Stereotypes can be a good way to portray a fictional character in a comic, but they can also be negative in the real life. While stereotyping is a widely used technique in comics and movies to quickly introduce a character so that the audience can quickly grasp his/her personality, reality is that stereotypes in real life can end up with negative effects on a certain community.
There is a hidden stereotype in the Loki Meme above. According to it, when a woman says that she likes the Avengers, she is actually stating that she likes the villain (that’s Loki, hence, Tom Hiddleston). But this is a negative stereotyped vision of fangirls who like Tom Hiddleston portraying Loki. It assumes that girls cannot like the Avengers as men do. It also assumes that Loki’s fangirls are only so because of the celebrity and not because of other reasons like Marvel movies, or the comics. This stereotype is misleading and clearly misogynistic.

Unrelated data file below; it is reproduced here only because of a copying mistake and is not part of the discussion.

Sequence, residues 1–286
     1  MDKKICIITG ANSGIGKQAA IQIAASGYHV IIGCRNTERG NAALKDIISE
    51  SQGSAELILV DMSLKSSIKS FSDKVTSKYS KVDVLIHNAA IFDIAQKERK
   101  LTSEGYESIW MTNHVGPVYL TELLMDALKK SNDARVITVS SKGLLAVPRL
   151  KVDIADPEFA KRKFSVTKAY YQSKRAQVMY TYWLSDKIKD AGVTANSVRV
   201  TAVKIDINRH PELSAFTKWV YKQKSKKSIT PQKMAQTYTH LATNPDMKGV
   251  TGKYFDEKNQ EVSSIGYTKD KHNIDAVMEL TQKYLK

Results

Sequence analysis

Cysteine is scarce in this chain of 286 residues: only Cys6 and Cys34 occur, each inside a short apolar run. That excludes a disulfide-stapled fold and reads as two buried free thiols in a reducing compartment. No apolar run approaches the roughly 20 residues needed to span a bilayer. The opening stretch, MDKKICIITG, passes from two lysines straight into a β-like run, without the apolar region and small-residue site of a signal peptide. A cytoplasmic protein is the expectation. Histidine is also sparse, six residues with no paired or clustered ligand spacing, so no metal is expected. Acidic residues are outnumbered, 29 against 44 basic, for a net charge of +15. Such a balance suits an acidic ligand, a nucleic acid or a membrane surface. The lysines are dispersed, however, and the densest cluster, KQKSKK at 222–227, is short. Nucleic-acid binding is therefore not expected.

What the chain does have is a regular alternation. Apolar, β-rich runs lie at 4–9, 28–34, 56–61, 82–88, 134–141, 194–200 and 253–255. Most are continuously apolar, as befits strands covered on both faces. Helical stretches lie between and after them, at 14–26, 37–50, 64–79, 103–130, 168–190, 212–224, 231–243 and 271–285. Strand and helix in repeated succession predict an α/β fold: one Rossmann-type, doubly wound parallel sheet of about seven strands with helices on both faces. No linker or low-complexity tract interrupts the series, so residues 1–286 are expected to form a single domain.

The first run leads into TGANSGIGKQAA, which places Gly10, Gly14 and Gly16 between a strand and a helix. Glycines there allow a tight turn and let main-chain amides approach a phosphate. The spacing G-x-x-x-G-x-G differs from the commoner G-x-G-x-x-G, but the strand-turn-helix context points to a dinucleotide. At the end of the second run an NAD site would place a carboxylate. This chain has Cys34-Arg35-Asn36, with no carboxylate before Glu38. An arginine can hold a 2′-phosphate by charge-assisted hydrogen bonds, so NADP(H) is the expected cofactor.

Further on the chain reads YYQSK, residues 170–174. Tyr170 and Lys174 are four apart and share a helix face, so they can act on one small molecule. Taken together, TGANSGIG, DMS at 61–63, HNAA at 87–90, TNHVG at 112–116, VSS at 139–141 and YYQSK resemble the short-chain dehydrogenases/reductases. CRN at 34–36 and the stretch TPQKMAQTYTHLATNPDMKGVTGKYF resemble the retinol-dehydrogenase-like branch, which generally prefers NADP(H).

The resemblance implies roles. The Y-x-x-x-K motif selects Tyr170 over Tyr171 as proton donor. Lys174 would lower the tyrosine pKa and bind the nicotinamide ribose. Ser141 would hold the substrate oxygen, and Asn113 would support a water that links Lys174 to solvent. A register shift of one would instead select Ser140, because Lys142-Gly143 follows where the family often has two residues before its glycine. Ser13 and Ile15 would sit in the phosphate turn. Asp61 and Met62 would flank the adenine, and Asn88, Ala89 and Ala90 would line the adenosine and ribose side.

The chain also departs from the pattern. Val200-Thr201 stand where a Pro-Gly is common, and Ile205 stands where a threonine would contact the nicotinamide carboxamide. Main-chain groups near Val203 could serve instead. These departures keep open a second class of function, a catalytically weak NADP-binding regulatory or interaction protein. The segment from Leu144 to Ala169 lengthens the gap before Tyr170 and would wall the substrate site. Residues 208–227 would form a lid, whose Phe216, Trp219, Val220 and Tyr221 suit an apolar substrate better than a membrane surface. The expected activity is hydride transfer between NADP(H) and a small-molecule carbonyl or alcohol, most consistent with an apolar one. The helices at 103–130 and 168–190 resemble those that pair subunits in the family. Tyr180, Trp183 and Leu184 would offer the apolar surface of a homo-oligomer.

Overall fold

We’ll start analyzing a little bit the psychology of Loki. He is a very complex character, and he does look like he is crazy. However, he is more complex than that. What if he got that way just by his environment and just using his survival skills? What if he was too sensitive and the Asgardian environment was the soup to make him that way?
We’ll start with the first Thor movie where we can see Loki as a baby, kid, and youngster. Let’s take a look to the baby Loki.
Loki was a tiny baby, for being a giant, and was left to freeze till death. However, Odin found him. The baby reacted to Odin, appealing, not to be thrown away. This “appeal” is inherent to all babies. They cry out in distress (and their cries make you mad, really, so mad that you have to do something to please them). Odin, brought the baby back to Asgard from Jotunheim, and decided to adopt it. So, him and his wife, Frigga, would be Loki’s new parents.